Happy weekend, East Bay. Here's what you're doing:
Pedalfest, in Jack London Sqaure (Water St. between Clay and Harrison sts., Oakland) is, most likely, the biggest bike festival ever to hit Oakland's streets, and a befitting celebration in a city crawling with cyclists of all sorts. Because the event includes everything from BMX stunts to a vintage bicycle show and a children's bike parade, it's safe to say that there will be a little of something for everyone with an affinity for two-wheeled transport — whether that be the helmeted, safety vest-wearing commuter crowd or the fixed-gear-riding cool kids. Recognizing Oakland's bicycle boom, organizers from Jack London Square teamed up with the East Bay Bicycle Coalition, Walk Oakland Bike Oakland (which the festival benefits), and the Oakland shop Bay Area Bikes to plan the Pedalfest premiere. The result of their efforts: five blocks filled with pedal-powered ice cream making, a pedal-powered stage, a folding bicycle race, a New Belgium beer garden, bicycle vendors peddling their wares, and plenty more. And, just to be nice, organizers have arranged complimentary valet bike parking and free ferry rides for bicyclists coming from San Francisco. Saturday, October 22, 10 a.m.-5 p.m., free. 510-645-9292 ext. 233 or PedalfestJackLondon.com. — Cassie Harwood
Firehouse Art Collective Saturday Bazaar
Launched in July, the Berkeley-based Firehouse Art Collective's weekly bazaar is a lively showcase of art, food, and music, splayed out across a three-thousand-square-foot roofed lot that formerly served as a parking space for meter maid vehicles. Though festivities vary from week to week, patrons can typically peruse jewelry, paintings, and other wares, watch artists in action, snack on scones and tarts made by Feeding People with Love, sip on exotically flavored kombucha (produced by the art collective), and enjoy live and DJ-curated music. At the Firehouse Art Collective (3192 Adeline St., Berkeley) on Saturday, Oct. 22 (and every Saturday).Noon-6 p.m., free. 510-593-0733 or FirehouseArtCollective.Blogspot.com. — Cassie Harwood
Dark Sharks, Light Rays
Karen Glaser, known for stunning color photos of Florida's swamps and their people (e.g., rangers and alligator wranglers), shifted her focus to saltwater and donned scuba gear for this monochrome series focusing on the ancient and mystical superorders of cartilaginous fishes: sharks and rays (Squalomorphii and Batoidea), two hundred million years old. The beautifully installed show's punning title describes Glaser's shots — taken with Nikonos film cameras — looking upward from the ocean floor: shafts of sunlight ("dramatic, reflecting, refracting, and bending") penetrating deep water, silhouetting schools of sharks above and illuminating ghostly skates and rays below. Glaser: "The Dark Sharks are rendered in a way that is kindred to that of cave paintings .... The Light Rays, ... printed like graceful etchings, on Kozo paper, represent the 'Zen' of the ocean, and its peaceful, meditative qualities." Dark Sharks/Light Rays runs through Oct. 29 at PHOTO Gallery (473 25th St., Oakland). 510-847-2416 or PhotoGalleryOakland.com. — DeWitt Cheng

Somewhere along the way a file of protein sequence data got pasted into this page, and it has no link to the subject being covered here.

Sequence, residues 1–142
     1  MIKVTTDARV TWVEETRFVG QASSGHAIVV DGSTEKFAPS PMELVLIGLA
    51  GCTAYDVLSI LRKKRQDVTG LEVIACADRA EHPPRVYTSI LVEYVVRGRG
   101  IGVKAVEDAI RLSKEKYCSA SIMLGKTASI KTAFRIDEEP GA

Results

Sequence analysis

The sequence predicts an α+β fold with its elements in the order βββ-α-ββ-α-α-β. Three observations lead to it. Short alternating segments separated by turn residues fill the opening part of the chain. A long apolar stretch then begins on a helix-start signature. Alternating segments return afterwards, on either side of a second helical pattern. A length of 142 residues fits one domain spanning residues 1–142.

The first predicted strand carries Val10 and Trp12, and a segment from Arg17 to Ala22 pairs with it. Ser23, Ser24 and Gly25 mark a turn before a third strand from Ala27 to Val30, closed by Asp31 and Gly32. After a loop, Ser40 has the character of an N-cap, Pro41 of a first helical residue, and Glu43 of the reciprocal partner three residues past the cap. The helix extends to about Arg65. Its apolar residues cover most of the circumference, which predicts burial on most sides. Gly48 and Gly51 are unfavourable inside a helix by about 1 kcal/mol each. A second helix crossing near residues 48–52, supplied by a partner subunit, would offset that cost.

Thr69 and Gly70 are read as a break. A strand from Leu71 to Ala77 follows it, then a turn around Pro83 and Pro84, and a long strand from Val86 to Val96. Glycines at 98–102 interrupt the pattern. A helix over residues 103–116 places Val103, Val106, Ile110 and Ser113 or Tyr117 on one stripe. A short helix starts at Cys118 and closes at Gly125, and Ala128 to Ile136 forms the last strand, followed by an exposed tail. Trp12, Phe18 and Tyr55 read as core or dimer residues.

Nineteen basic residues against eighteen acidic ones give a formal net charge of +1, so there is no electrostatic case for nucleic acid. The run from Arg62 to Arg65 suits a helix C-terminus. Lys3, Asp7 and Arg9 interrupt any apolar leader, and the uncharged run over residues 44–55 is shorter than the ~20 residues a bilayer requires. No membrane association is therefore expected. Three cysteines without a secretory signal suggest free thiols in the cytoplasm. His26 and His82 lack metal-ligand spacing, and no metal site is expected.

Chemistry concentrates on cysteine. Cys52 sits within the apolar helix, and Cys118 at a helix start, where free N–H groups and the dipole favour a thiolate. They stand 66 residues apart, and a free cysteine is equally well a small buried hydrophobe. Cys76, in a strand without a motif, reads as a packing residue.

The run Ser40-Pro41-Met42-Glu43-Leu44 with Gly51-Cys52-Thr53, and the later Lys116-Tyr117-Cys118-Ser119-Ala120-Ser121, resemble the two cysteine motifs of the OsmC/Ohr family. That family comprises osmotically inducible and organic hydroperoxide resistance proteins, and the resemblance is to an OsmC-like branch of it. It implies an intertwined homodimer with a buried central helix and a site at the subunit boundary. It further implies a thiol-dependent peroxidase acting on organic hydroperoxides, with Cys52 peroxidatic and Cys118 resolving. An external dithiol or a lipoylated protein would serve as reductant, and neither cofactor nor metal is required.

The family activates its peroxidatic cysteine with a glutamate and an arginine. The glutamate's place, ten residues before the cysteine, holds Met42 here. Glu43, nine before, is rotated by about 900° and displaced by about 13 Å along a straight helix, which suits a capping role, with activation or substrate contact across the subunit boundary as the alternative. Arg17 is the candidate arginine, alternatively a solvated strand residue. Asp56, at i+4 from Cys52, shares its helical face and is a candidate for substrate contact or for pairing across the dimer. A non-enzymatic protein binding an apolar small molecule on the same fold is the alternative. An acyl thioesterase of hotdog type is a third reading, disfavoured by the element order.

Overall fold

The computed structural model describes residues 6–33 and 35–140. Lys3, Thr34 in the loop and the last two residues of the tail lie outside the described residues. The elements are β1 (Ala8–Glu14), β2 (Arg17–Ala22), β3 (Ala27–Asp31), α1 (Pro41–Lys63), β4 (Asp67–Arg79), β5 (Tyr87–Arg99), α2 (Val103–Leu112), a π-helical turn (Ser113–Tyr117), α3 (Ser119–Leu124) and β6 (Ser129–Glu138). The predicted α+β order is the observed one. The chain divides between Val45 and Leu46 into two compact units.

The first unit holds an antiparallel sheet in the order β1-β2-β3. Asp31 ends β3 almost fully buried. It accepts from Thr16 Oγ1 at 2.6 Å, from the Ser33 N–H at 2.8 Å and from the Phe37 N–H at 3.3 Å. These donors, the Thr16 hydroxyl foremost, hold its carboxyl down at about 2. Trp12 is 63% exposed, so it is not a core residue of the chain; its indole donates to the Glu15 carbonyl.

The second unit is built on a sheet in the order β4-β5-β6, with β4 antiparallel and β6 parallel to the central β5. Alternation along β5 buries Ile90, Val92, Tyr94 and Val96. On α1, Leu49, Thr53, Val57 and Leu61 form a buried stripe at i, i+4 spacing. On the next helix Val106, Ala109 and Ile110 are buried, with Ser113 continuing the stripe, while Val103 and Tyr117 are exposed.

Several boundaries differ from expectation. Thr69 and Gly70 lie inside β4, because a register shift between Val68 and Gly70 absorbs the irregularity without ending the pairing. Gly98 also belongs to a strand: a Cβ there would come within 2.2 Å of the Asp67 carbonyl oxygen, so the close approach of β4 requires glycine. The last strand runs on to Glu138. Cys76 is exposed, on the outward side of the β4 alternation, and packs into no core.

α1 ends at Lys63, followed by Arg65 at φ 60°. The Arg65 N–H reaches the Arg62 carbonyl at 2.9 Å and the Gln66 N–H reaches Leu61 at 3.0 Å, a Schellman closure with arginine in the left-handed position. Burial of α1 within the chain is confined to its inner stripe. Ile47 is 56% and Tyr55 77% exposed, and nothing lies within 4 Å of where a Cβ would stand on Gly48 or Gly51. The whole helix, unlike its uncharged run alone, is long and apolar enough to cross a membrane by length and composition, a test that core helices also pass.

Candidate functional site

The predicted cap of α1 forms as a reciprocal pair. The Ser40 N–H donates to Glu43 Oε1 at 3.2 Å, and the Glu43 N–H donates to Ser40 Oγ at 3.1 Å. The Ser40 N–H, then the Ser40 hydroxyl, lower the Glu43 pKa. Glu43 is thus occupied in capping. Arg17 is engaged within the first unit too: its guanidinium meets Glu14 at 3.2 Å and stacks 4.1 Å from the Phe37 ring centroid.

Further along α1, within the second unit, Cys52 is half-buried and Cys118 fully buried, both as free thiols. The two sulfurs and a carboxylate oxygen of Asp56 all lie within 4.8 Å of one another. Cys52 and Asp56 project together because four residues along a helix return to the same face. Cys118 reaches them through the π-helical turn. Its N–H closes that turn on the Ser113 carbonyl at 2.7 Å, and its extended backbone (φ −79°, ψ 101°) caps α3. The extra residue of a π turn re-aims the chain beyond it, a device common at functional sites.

Void Pre-Release Party
If you had told the then-teenaged members of Columbia, Maryland-based hardcore band Void back in the early 1980s that their band would have a cult following nearly three decades later, they might have scoffed. But their hectic and ripping sound — popularized in the prolific Washington, DC, hardcore scene and immortalized on Dischord Records' Flex Your Head compilation and on their split LP with DC band Faith— is a staple for punks young and old. On Oct. 24, Dischord drops Sessions 1981-1983, a collection of demos and previously unreleased Void tracks. Bay Area devotees can score signed and silkscreen-covered pre-copies, and meet bassist Chris Stover and guitarist Bubba Dupree at a special release party at 1-2-3-4 Go! Records (420 40th St. #5, Oakland), where Carlton Melton will play a live set while artists like Mike Sutfin and Brian Walsby present Void-inspired art. It happens Friday, Oct. 21. At 6 p.m., free. 1234GoRecords.com. — Cassie Harwood
Dr. Dre, the hip-hop mastermind behind The Chronic and 2001, has been dangling his third album Detoxfor — count 'em — twelve years. Suspicion is beginning to build that it's just not worth the wait, but no one really knows. That doesn't mean Dre isn't growing promising new talent, though. His new protégé, Compton rapper Kendrick Lamar, is only 23 but has plenty of skill and experience. He used to be known as K. Dot, but has begun releasing material under his own name, in addition to being part of Jay Rock's rap group Black Hippy. Lamar is a versatile rhymer: He's smart, can croon smooth hooks, can embrace the intricate production style of his bigger industry peers, and he can also rap fast. He has a strong mid-range voice, most closely resembling Devin the Dude or Andre 3000 in timbre. He's got immense potential, accomplishing what Nineties rap introduced and aspired to, with obvious reverence for — and references to — his elders. As a new Aftermath Records signee, he might not be playing small venues for long, so if you're a rap fan don't miss out. At The New Parish (579 18th St., Oakland) on Friday, Oct. 21. 9 p.m., $23-$35. TheNewParish.com. — Will Butler
Get your cheapskate on: This is how much we love you guys: Here are our searchable listings of every single free event happening in the East Bay this weekend.
Catch a movie: The Skin I Live In: "Frankenstein meets Balenciaga in Almodóvarland."
Drink up:: At The Avenue: Halloweeny awesomeness.
Feed Us: Got any East Bay news, events, video, or miscellany we should know about? Holler at us at Ellen.Cushing@EastBayExpress.com.
*Update, 4:15: Kendrick Lamar is, sadly, sold out. (thanks, tipster Nathan!)